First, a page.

The Globalists' Egyptian Gambit: ElBaradei

From the Council on Foreign Relations to the Brookings Institute, Globalists agree. Mohamed ElBaradei for (Egyptian) President.

By Tony Cartalucci

It was previously reported that Mohamed ElBaradei, the self-proclaimed leader of the unfolding Egyptian protests, is actually sitting on the Board of Trustees of the Zbigniew Brzezinski/George Soros globalist think-tank, the International Crisis Group.

The mainstream media has been backing ElBaradei's ownership of the protests, hailing this Nobel Laurette and former UN IAEA director as the potential next president of Egypt and the "hero" of the protests. The New York Times refers to him as the "Nobelist" portraying him as standing "toe-to-toe" with hundreds of riot police and promising to run for president if and only if elections were "free and fair."

While ElBaradei poses as a critic of the United States, it is not because of their meddling with Middle Eastern affairs, it is because they are not meddling enough. ElBaradei berates the United States for not intervening in what he calls "social disintegration, economic stagnation, and political repression" in Egypt. Apparently ElBaradei isn't the only one who thinks so either.

Council on Foreign Relations (CFR) senior fellow, Project for a New American Century signatory, and Bush wrangler Elliott Abrams elaborated on the sort of "intervention" the United States should be committed to in his piece "Less 'Engagement,' More Democracy" in the New York Times. In his piece he criticizes the current policy of engaging with nations he deems repressive regimes as equals and calls for a revisit to George Bush's "freedom agenda." In other words - the export of "democracy" that has brought America the trillion dollar military adventures in Iraq and Afghanistan at the cost of thousands of US soldiers' lives and the lives of millions of foreigners killed, maimed, or displaced.

Ultimately the "freedom agenda" has created puppet governments and sweeping economic reforms giving globalist corporate cartels free reign in these "importers of democracy." Those that remember Paul Bremer's Colalition Provisional Authority, may also recall the various "liberalizations" imposed upon Iraq including 100% foreign ownership of Iraqi companies and immunity granted to foreign contractors from Iraqi law.

In the end, the "freedom agenda" is nothing more than 21st century gunboat diplomacy coupled with the one-sided "treaties" the European imperialists imposed across Africa, Asia, and the Middle East.

Fellow CFR policy wonk, Robert Danin echos Abrams' sentiments regarding the freedom agenda by regretting how President Obama had backed away from it during his 2009 speech in Cairo, and how interesting it is now that the administration seems to be interested in perhaps adopting it. He then goes on to explain how the protests are unprecedented, in that they are concerning not anit-American or anti-Israeli causes, but directed at inward problems at home.

With Tunisia and now Egypt internally infighting, a collective regional division seems to be developing. It is no secret the globalists via the United States and Israeli governments, want regime change in Iran and to desperately halt their nuclear program. Elliot Abrams in his New York Times piece states explicitly "our ultimate goal for Iran is not a nuclear deal with the ayatollahs but freedom for its people under a government they choose in honest elections." Newsweek goes one step further and reports on a covert war against Iran's nuclear program already well underway. Seymour Hersh reported as early as 2008 that the US was conducting military operations in Iran.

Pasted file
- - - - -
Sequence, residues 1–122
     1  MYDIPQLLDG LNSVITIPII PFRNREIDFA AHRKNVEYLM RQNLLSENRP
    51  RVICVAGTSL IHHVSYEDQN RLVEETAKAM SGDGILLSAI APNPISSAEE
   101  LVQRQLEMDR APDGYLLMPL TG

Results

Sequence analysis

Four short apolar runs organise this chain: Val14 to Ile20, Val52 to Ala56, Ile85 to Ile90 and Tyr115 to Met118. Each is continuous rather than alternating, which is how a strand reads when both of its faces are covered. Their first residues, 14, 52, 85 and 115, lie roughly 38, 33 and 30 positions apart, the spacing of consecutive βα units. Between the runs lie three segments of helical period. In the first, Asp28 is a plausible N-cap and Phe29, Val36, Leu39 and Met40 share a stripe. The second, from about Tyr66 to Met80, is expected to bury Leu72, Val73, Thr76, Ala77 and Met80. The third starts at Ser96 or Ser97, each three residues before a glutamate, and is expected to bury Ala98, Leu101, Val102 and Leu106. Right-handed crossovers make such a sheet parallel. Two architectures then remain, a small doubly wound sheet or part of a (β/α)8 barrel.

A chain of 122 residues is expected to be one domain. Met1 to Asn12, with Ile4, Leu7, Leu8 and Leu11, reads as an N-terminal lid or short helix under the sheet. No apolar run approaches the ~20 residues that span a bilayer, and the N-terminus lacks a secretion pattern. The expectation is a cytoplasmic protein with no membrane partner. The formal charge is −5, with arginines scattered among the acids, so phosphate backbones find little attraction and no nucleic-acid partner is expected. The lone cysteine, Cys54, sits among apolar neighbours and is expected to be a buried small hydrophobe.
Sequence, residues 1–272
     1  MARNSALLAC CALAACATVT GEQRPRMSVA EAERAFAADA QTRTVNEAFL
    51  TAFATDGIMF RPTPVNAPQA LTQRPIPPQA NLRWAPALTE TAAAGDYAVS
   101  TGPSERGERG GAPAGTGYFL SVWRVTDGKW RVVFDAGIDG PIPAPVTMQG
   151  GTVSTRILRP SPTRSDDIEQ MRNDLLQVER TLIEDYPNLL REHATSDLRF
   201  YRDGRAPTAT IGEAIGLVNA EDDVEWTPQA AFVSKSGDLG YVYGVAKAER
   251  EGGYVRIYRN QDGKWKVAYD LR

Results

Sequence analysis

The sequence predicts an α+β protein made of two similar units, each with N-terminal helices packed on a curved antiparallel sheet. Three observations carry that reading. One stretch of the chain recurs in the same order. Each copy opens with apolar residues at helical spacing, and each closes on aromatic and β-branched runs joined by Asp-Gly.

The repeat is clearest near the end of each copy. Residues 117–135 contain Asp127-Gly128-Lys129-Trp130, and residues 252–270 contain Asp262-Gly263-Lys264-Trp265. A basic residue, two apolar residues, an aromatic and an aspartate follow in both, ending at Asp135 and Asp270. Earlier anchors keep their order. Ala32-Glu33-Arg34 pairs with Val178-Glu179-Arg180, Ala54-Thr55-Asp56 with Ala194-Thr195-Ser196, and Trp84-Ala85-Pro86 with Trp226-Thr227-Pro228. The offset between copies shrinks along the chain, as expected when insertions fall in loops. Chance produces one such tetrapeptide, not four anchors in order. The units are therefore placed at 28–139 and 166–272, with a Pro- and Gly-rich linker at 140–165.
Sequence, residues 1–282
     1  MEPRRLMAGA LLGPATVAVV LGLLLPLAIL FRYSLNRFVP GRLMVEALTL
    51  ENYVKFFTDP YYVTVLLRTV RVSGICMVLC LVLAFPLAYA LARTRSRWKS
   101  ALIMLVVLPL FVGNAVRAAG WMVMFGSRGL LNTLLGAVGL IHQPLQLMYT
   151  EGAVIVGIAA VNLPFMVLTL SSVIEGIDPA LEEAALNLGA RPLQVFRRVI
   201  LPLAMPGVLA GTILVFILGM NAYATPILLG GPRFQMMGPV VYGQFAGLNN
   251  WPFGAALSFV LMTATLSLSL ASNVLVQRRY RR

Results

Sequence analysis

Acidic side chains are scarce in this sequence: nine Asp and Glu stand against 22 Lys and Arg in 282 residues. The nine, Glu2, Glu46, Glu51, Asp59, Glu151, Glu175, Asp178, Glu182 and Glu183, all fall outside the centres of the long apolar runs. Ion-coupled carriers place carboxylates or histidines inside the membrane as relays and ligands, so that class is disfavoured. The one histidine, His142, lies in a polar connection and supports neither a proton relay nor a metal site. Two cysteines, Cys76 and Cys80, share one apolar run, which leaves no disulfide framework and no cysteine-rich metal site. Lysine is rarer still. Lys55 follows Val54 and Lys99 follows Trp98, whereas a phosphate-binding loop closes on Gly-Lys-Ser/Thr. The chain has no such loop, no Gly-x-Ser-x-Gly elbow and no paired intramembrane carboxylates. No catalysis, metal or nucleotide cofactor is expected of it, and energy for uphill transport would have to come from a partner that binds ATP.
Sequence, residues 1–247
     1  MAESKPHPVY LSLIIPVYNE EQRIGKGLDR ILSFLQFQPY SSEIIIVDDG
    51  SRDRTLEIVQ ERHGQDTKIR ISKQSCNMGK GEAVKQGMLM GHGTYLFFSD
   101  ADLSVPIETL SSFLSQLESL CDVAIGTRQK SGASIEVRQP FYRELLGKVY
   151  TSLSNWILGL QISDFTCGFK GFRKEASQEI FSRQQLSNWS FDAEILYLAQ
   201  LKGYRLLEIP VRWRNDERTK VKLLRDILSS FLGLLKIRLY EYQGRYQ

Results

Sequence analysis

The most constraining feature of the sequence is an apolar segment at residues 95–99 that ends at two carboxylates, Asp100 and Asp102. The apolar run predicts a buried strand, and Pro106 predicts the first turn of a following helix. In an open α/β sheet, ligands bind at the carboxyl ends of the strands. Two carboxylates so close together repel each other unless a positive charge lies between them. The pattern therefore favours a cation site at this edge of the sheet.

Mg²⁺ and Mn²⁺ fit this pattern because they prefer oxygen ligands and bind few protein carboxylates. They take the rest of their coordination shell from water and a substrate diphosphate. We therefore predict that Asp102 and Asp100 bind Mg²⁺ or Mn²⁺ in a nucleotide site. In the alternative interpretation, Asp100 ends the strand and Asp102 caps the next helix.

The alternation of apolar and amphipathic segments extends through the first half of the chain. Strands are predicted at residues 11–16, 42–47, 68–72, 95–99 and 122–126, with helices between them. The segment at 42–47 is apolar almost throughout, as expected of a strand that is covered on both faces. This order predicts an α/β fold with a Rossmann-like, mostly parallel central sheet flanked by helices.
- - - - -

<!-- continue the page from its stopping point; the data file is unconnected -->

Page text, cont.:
The floundering efforts to achieve the globalists' goals with Iran, now spanning several years, may have spurred the real policy makers, the globalist think tanks, to consider a wider regional campaign of destabilization and the installation of more reliable and more zealous allies to build the needed coalition to confront an unmovable Iran. At any rate, any opposition for the globalists' next phase in the Middle East will be muted with regimes across the region battling for their very survival.

Mohamed ElBaradei, then literally sitting on the International Crisis Group's Board of Trustees with the likes of George Soros, would not only be a trusted candidate to sow instability throughout Egypt, but would make an equally trustworthy leader of a pliable proxy regime to turn against Iran, Russia, and China. An ElBaradei controlled Egypt could equally be turned against disruptive members of the other globalist pet project Egypt is conveniently positioned to deal with, the African Union. And last but not least, Egypt controls the Suez Canal. Greater control over Egypt means greater control over the passage of freight through the canal.

Finally, globalist think-tank, the Brookings Institute, chimes in claiming Egypt's new opposition leader is indeed Mohamed ElBaradei and claims he is already reaching out for ties and a loose alliance with the Muslim Brotherhood, an extremely large and influential opposition organization in Egypt. The Brookings Institute feigns the same ignorance as the rest of the mainstream media regarding ElBaradei's position in the International Crisis Group by claiming it will be Egypt that will decide the outcome "not Washington." Brookings also laments that Israel's government holds a huge stake in the outcome of Egypt's unrest but has "absolutely no ability to influence the course of events."

It should then comfort Israel and the Brookings Institute to know that ElBaradei is working so closely with US policy makers via the International Crisis Group and that his sentiments are echoed by America's "Neo-Conservative" establishment. In other words, Israel and America have their foot in the door and seem not to even realize it. The wiser suspects they most certainly do realize it.